What’s In My Lobster Sauce? A History Of Chinese Food In Boston
What is Peking ravioli? And why can you only find it in the Greater Boston area? Is there actual lobster in my lobster sauce? Chinese food in Boston’s Chinatown and the suburbs is what it is today because of a long history, dating back to the rum trade and Irish and Italian immigration.
- “‘Chinese food in Texas is the best Chinese food in the United States,’ Rabbit tells Ruth, in John Updike’s 1960 classic Rabbit, Run, as he waits for the server to bring chopsticks to the table. ‘Except Boston.'”
- “Boston’s Chinatown population really began to swell in the last quarter of the 19th century as Chinese workers, many from the railroad, came east. The neighborhood developed its own social structure based on alliances for newcomers from different clans in China. Eating establishments sprang up to feed the new arrivals— men learned to cook and took charge of the kitchens, as no women came early on. Because Chinatown’s inhabitants were mostly from southern China, specifically Guangdong Province, Cantonese cuisine ruled the day.”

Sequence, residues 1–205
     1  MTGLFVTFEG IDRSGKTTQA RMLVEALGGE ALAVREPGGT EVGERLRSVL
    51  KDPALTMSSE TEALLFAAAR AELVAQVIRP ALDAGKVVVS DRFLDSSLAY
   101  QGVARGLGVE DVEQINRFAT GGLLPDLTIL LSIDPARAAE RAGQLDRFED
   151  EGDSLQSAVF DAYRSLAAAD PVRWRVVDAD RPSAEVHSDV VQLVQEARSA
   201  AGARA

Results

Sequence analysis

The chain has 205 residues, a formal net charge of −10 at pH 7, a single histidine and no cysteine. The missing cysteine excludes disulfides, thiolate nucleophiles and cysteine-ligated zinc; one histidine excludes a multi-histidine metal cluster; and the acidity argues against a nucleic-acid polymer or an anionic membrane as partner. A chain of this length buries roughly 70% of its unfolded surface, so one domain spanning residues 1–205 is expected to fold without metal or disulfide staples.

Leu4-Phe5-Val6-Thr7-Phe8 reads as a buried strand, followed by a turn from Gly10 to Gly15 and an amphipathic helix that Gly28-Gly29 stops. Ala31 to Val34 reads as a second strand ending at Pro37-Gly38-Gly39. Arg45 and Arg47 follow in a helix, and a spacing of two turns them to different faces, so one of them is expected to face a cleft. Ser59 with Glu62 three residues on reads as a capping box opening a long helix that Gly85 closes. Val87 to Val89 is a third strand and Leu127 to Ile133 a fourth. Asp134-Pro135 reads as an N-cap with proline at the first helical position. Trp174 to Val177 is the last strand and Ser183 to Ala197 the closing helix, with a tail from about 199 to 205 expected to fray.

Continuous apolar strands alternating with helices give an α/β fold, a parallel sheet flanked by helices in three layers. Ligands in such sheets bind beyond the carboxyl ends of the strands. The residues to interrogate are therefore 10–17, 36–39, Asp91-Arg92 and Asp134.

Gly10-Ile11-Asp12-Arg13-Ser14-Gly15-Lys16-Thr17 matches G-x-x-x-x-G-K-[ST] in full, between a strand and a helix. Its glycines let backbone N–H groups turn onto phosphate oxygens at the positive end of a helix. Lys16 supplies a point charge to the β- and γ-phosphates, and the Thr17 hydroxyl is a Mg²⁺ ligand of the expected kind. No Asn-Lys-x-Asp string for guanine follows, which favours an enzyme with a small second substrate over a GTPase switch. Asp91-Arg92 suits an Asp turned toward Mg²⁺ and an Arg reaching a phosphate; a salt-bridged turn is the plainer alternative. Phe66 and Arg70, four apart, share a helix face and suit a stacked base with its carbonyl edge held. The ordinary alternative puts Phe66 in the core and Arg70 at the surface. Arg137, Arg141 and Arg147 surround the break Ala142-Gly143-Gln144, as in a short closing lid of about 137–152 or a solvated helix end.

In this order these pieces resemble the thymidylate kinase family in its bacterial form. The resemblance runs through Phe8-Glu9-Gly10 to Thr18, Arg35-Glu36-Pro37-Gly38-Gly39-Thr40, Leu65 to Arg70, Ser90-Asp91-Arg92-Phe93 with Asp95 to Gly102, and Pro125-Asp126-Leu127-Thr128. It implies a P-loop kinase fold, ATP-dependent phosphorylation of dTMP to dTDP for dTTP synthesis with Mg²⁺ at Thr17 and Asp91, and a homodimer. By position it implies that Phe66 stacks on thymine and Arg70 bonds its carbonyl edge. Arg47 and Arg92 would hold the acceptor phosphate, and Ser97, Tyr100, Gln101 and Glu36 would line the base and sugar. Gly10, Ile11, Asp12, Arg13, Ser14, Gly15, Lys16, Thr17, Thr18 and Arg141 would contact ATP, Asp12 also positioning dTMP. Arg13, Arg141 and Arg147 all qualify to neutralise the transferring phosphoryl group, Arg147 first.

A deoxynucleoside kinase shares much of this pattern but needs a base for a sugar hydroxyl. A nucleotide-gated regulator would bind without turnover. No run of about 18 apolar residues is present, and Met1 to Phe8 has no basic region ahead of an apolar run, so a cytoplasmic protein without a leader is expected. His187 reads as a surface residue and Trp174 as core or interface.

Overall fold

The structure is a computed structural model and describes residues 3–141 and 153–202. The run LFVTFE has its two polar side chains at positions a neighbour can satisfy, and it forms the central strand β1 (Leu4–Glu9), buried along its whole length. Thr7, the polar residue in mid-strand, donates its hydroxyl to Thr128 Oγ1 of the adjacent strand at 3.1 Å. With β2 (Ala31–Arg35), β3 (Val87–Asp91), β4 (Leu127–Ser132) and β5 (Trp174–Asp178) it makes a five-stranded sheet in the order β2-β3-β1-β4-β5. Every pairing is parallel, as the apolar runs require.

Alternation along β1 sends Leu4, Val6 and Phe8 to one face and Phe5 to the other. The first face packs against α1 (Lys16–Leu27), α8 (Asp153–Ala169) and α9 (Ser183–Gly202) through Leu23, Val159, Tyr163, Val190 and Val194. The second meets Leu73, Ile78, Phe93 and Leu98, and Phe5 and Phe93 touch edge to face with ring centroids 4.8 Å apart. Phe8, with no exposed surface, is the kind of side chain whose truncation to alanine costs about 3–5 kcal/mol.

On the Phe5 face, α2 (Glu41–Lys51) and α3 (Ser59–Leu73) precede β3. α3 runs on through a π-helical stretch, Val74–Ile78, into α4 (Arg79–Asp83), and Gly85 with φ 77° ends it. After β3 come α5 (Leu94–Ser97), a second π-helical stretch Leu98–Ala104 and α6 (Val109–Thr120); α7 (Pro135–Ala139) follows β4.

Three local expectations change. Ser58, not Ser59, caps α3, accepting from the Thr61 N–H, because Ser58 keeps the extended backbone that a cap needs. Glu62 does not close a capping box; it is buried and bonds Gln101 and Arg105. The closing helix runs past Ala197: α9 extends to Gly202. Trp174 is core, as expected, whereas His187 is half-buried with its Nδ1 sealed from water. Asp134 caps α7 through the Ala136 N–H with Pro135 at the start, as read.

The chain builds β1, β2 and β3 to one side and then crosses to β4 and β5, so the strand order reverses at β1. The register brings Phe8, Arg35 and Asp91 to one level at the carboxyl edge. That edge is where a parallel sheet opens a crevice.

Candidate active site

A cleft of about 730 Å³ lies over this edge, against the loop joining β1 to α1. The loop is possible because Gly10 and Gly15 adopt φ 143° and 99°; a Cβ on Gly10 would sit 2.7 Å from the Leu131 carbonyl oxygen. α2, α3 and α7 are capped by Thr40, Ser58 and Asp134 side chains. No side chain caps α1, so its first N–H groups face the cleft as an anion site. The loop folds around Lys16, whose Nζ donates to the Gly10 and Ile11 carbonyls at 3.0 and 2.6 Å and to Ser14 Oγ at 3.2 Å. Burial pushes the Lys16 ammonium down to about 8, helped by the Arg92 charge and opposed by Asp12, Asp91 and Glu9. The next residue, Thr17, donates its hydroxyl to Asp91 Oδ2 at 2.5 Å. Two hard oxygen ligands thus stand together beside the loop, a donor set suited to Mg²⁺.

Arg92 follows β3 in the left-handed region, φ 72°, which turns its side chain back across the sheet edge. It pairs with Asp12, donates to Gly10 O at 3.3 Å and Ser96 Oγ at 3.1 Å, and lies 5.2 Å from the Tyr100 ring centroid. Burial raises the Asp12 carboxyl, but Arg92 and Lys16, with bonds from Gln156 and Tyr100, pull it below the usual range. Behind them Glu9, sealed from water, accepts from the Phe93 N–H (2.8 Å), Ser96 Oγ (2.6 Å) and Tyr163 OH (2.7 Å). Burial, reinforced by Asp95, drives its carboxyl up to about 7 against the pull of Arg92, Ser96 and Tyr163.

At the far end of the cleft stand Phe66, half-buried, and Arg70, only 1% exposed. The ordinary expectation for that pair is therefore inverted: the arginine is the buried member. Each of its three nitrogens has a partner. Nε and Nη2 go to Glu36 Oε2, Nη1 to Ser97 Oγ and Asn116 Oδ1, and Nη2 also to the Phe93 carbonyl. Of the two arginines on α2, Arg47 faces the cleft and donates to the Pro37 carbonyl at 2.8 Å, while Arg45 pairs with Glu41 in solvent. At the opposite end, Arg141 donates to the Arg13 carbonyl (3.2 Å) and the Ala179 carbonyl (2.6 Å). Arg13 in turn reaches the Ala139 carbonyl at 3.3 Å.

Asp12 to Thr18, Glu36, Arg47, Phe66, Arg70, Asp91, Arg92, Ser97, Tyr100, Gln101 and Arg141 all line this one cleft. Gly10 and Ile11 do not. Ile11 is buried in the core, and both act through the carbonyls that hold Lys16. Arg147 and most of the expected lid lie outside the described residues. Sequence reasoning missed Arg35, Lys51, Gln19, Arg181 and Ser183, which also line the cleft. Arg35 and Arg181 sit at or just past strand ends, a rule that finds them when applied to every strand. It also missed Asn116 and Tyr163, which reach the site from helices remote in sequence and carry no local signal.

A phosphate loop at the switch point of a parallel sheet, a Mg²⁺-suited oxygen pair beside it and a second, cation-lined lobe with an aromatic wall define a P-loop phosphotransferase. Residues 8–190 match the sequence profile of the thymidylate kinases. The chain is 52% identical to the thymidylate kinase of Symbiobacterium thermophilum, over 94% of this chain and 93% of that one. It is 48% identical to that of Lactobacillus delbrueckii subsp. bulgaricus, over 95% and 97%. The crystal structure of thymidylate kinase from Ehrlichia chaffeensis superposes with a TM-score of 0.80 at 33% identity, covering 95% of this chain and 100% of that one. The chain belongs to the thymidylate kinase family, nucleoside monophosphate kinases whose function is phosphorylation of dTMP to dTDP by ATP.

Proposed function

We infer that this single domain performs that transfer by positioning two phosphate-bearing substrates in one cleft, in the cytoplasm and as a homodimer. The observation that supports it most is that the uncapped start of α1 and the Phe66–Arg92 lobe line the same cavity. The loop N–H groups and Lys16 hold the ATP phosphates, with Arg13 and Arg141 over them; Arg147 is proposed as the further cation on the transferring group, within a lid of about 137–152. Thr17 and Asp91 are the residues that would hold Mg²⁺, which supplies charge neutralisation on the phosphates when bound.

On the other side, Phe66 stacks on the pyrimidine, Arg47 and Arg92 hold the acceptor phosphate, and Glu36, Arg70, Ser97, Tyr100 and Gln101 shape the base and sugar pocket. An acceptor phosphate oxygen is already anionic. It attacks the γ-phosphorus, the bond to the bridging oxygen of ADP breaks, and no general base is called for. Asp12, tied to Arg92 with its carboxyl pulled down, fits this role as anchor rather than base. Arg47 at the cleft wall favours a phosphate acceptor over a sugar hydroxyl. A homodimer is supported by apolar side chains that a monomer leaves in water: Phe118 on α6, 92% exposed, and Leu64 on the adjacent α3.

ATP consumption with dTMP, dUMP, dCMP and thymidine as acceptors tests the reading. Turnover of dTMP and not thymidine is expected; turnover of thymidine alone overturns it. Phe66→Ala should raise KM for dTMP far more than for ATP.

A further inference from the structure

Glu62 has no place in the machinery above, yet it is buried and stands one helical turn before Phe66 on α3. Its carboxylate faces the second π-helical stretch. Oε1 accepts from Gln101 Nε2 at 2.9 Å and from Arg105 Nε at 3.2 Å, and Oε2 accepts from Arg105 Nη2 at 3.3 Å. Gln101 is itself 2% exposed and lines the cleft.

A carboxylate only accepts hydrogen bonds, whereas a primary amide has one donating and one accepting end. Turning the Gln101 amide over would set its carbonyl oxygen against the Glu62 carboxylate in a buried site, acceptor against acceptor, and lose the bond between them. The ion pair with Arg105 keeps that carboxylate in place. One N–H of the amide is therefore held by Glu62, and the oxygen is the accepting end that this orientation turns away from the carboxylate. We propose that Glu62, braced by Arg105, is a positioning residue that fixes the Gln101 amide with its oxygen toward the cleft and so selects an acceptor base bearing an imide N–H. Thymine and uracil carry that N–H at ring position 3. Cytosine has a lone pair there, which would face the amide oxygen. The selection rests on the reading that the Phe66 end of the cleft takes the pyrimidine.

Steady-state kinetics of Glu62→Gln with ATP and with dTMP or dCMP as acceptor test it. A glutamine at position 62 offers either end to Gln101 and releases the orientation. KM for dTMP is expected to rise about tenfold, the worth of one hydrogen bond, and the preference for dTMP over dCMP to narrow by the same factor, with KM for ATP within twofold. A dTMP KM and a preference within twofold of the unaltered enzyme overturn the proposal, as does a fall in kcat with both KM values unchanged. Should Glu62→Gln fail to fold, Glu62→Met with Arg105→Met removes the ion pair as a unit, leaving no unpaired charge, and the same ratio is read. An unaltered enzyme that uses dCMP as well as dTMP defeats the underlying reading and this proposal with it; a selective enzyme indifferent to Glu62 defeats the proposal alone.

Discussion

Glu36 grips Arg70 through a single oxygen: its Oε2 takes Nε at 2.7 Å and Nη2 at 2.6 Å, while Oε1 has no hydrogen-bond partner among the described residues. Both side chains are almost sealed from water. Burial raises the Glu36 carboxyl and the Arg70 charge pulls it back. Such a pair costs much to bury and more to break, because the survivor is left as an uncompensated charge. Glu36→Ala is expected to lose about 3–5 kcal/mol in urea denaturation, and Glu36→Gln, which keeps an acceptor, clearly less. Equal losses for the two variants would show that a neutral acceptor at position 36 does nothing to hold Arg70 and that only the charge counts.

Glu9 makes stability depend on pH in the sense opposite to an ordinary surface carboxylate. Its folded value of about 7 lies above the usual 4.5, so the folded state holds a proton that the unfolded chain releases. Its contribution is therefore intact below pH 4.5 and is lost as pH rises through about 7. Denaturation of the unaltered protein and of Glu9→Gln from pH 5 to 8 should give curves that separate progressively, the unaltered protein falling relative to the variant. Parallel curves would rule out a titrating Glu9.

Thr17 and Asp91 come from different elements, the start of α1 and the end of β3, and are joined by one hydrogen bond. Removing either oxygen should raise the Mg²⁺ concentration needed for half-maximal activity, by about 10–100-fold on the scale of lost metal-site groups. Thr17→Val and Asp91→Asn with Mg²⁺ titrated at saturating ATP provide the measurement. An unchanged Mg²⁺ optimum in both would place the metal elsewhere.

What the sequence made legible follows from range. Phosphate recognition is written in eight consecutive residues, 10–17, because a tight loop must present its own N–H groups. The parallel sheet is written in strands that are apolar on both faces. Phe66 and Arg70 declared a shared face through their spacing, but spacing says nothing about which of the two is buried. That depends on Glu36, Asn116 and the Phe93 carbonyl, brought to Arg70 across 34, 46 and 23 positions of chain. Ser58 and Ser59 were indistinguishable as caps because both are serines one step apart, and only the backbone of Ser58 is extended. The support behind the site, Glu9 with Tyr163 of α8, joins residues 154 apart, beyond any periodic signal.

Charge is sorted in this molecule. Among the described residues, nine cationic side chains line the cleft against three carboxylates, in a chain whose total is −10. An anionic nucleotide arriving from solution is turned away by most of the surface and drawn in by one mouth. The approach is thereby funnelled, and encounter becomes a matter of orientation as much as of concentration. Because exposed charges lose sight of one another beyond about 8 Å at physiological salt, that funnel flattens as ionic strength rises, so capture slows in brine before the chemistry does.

- “A delicious Northern Chinese food, common and beloved throughout the Far East. To make this dish, Joyce Chen has worked out an accurate and simple method. She shows the entire preparation; how to mix the dough and roll it; how to prepare the filling, how to fold Chiao-tzu and cook them in two different ways, boiled and pan-fried. Good to serve as appetizers, snacks, or even entire meals.”
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Host Meghna Chakrabarti introduces us to newsmakers, big thinkers and artists and brings us stories of relevance to Bostonians here and around the region. Live every weekday at 3 p.m. and 10 p.m.
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